The Shirley Association has been a member of the Guild of One-Name Studies since 1988
 

Ragdale
Hall

 

   
 

Ragdale parish church

Church window bearing Shirley coat of arms


Ragdale Hall- now a luxury spa

Email from T.N in June 2013
Hi Ken, I work at Ragdale Hall as a night porter but also give evening talks to guests on the History of Ragdale as a family house. The section on Ragdale seems to note only one hall when there is (or was) two. The Old Hall built 1558-1600 next to Ragdale Church on the edge of the village, as a hunting lodge/hawking lodge and the New Hall built as you say on one section of your site by the 7th Earl Ferrers around 1787-1799.
Strangely we have only one engraving of the New Hall dated 1799 but have not been able to find a photo in its Georgian style( up to 1908) As part of my talk I mention the illegitimate daughter of the 7th Earl - Elizabeth Rose Shirley who married by special licence in 1804 at the London home of the Earl, one Colonel Hilton Joliffe MP. She died only four years later and I can not find the cause. In 1802 Hylton Jolliffe had formed the civil engineering company Jolliffe and Banks which under his brothers later control built lots of bridges in
London for John Rennie including the London Bridge that was rebuilt in Lake Havisu City USA. When Ragdale New Hall was let to tenants after the 7th Earls death Hylton Jolliffe came to live there in 1831 to hunt with the Quorn Hunt in his
retirement. In a recent local council Conservation area appraisal for Ratcliffe on the Wreake(about 3 mile South of Ragdale) it stated that the 7th Earl built Ratciffe Hall in 1812, but it does not say why and who for? When Caroline Shirleys daughter sold Ragdale - Ratcliffe was sold seperately in 1908. Before then John Dove Harris MP lived there married to Emma Shirley.

New - More on Elizabeth Rose Shirley Joliffe: Email from P.C. March 2016 - there is a memorial plaque to her in St. Katharine's Church, Merstham, Surrey, worded as follows: Elizabeth Rose the wife of Hylton Jolliffe Esq. Lord of this Manor & Representative in Parliament for the Borough of Petersfield. She died in the 25th year of her age on the 25th January 1809 at the house of her father, the Earl Ferrers. The Jolliffes, incidentally, were Lords of the Manors of Chipstead, Merstham and Kingswood, in Surrey.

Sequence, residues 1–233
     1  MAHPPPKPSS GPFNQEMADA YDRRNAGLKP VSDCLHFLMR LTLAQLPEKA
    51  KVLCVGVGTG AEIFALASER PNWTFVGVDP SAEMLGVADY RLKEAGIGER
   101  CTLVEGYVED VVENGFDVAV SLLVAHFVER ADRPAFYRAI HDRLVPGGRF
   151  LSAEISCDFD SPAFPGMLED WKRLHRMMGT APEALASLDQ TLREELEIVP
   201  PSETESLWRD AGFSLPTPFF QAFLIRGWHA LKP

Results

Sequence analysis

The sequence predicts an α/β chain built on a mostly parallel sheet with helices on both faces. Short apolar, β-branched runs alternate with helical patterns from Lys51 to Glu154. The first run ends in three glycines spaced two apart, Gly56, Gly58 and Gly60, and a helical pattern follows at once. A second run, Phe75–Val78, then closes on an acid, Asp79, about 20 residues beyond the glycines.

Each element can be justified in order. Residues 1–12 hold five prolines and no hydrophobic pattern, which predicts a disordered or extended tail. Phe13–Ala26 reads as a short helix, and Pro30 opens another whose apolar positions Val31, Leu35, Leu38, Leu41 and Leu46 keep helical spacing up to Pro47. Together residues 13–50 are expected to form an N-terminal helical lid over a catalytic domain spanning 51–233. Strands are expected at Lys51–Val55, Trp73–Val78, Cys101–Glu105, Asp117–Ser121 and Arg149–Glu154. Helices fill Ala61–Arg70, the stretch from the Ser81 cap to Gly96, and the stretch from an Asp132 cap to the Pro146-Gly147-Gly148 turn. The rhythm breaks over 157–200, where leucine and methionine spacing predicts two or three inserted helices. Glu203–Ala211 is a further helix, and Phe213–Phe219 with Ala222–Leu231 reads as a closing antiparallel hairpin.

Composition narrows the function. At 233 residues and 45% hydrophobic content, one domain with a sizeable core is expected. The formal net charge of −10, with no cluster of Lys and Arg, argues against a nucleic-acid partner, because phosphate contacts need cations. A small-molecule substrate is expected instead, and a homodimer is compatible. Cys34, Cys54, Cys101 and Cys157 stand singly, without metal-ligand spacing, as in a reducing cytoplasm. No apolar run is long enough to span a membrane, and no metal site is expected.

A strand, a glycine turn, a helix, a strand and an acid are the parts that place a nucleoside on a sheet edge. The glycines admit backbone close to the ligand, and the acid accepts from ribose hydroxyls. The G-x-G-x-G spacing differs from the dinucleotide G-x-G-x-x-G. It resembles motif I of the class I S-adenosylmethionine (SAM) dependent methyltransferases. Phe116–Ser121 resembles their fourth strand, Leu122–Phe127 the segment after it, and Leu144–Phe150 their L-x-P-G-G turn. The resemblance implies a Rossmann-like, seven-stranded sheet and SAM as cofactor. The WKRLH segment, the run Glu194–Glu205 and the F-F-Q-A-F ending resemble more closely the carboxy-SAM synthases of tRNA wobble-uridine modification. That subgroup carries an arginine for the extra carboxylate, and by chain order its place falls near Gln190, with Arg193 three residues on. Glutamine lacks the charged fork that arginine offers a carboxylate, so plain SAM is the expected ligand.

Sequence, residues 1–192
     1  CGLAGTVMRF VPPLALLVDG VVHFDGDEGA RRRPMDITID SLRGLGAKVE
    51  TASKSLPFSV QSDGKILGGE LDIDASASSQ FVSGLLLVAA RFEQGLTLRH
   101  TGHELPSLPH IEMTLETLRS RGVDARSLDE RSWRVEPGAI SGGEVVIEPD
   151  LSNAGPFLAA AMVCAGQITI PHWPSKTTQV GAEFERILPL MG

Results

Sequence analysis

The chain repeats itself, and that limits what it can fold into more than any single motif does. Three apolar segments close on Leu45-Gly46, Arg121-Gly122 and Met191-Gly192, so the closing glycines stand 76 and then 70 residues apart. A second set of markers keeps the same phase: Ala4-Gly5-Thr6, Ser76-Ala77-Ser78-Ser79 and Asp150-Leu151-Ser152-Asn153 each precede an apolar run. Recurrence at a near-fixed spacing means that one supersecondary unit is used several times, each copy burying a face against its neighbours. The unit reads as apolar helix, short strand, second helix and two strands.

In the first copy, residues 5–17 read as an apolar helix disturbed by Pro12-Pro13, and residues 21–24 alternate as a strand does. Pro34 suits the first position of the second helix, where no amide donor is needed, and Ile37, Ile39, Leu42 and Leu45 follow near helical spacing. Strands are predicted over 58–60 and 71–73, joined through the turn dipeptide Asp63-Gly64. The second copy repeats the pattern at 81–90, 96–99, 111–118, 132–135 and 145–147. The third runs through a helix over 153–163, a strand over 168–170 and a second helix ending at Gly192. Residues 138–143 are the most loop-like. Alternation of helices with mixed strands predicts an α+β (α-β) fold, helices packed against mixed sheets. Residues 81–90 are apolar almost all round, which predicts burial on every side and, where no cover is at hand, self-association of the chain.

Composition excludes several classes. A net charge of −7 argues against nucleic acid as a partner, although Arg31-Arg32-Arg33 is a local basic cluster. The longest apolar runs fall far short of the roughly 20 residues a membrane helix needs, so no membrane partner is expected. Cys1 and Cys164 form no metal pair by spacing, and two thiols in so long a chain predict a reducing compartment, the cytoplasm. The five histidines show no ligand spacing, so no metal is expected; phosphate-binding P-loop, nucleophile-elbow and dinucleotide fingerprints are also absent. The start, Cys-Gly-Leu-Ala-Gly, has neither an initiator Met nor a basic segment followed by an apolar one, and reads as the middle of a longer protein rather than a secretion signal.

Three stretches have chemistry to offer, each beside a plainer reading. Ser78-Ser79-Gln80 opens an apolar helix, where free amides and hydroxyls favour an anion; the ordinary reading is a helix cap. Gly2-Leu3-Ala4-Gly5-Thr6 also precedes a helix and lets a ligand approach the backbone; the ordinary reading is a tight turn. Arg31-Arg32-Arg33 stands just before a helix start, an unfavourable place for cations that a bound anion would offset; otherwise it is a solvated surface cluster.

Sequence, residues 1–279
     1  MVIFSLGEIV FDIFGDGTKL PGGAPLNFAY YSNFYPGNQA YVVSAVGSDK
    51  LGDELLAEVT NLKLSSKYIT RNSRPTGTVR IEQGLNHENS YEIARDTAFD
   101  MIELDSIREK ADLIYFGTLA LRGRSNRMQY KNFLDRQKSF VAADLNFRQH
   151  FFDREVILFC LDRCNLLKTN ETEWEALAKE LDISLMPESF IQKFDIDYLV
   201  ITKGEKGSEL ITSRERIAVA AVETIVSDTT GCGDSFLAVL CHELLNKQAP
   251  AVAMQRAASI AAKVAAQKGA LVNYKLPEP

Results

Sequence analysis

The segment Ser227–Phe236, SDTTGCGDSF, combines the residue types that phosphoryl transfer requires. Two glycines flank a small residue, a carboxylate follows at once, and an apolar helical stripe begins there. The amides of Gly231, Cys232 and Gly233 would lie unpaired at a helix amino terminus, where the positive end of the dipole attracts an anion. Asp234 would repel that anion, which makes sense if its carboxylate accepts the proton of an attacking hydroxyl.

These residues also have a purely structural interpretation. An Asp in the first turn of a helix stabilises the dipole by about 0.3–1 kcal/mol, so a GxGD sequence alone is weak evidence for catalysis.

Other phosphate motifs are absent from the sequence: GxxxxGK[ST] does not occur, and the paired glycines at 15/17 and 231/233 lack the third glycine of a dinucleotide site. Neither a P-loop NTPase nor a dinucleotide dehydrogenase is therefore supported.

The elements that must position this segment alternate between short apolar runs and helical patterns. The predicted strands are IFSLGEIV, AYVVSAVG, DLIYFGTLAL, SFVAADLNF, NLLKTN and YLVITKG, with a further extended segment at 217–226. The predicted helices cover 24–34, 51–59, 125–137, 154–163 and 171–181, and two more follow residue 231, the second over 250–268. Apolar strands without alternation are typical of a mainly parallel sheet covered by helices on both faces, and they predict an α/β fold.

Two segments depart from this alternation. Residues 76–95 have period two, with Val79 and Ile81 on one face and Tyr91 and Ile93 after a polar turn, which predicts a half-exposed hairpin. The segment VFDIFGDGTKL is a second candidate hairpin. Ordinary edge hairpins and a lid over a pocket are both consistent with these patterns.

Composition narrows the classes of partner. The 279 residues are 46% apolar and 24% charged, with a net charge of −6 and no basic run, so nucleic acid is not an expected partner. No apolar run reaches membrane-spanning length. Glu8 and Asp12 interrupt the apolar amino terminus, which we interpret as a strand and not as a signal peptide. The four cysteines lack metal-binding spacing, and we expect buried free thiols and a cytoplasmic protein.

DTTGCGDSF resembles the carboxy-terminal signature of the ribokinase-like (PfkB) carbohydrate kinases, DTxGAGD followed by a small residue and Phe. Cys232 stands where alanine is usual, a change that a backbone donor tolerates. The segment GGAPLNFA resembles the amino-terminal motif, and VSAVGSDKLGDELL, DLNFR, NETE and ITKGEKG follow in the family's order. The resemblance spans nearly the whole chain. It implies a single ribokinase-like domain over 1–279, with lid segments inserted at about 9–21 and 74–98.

Ragdale Hall, Leicestershire

Part of the Shirley possessions obtained through marriage. John Shirley 1535 d. 1570 lived at Rakedale, now known as Ragdale estate, Leicestershire. He married Jane Lovett. Their son, George Shirley moved the family seat to Astwell.

"Ragdale Hall was originally a medieval hunting lodge and falconry. The house's Victorian owners added the castle-style turrets, which were fashionable at the time. Later, the hall spent a few years as a nightclub and restaurant before becoming a health hydro in 1973, after it was bought by the owners of a slimming magazine. This is the place to head for peace, quiet and total relaxation in a beautiful setting - the perfect antidote to stressful urban living."


Ragdale Ancient Abstracts

1400 De Banco Roll - Hugh Shyrley, chivaler v Walter the parson's man of Rakedale in a plea of breaking his free warren at Rekedale and taking thence hares, rabbits, pheasants and partridges.

1440 Inquisition Post Mortem Beatrice who was the wife of Hugh Shirley, taken at Leicester on Thursday before the Nativity of St John the Baptist 18 Henry VI. Before Thomas Palmer the escheator and on the oath of John Chaumbleyn of Hathern, Henry atte Halle of Overton, John Nauntell of Hathern, Robert Bernevile of Threngeston, John Kendale of Twycrosse, John Herdewyn of Newebold, William Smyth of Barrow, William Somervyle of Cossington, John Souche of Belton, William Bygge of Rothley, Thomas Bygge of Rothley, John Draper of Thurmaston adn John Smyth and Thomas Ireland both of Cotes, jurors who say that Beatrice held no lands of the King in chief in Co Leices. on the day she died, but they say that a certain Ralph Basset of Drayton knt was seised of the manors of Rakedale, Willughes, Radeclyve etc in his demense as of fee, and granted them to Sir Walter Skyrlow bishop of Durham and others as trustees who granted them to Beatrice from Easter 7 Hen IV (1406) for a term of 8 years at a yearly rent of L20 the reversion of them to Ralph Shirley, knt and his male heirs for ever. After the expiriation of the aforesaid eight years the said Ralph Shirley entered on the afresaid manors and still remains in peaceful possession of them. The manors were not held of the King but of whom they are held the jurors are unaware. Beatrice died on Wednesday before St George the martyr 18 Hen VI. Ralph Shirley is her next heir and aged 40 years and more.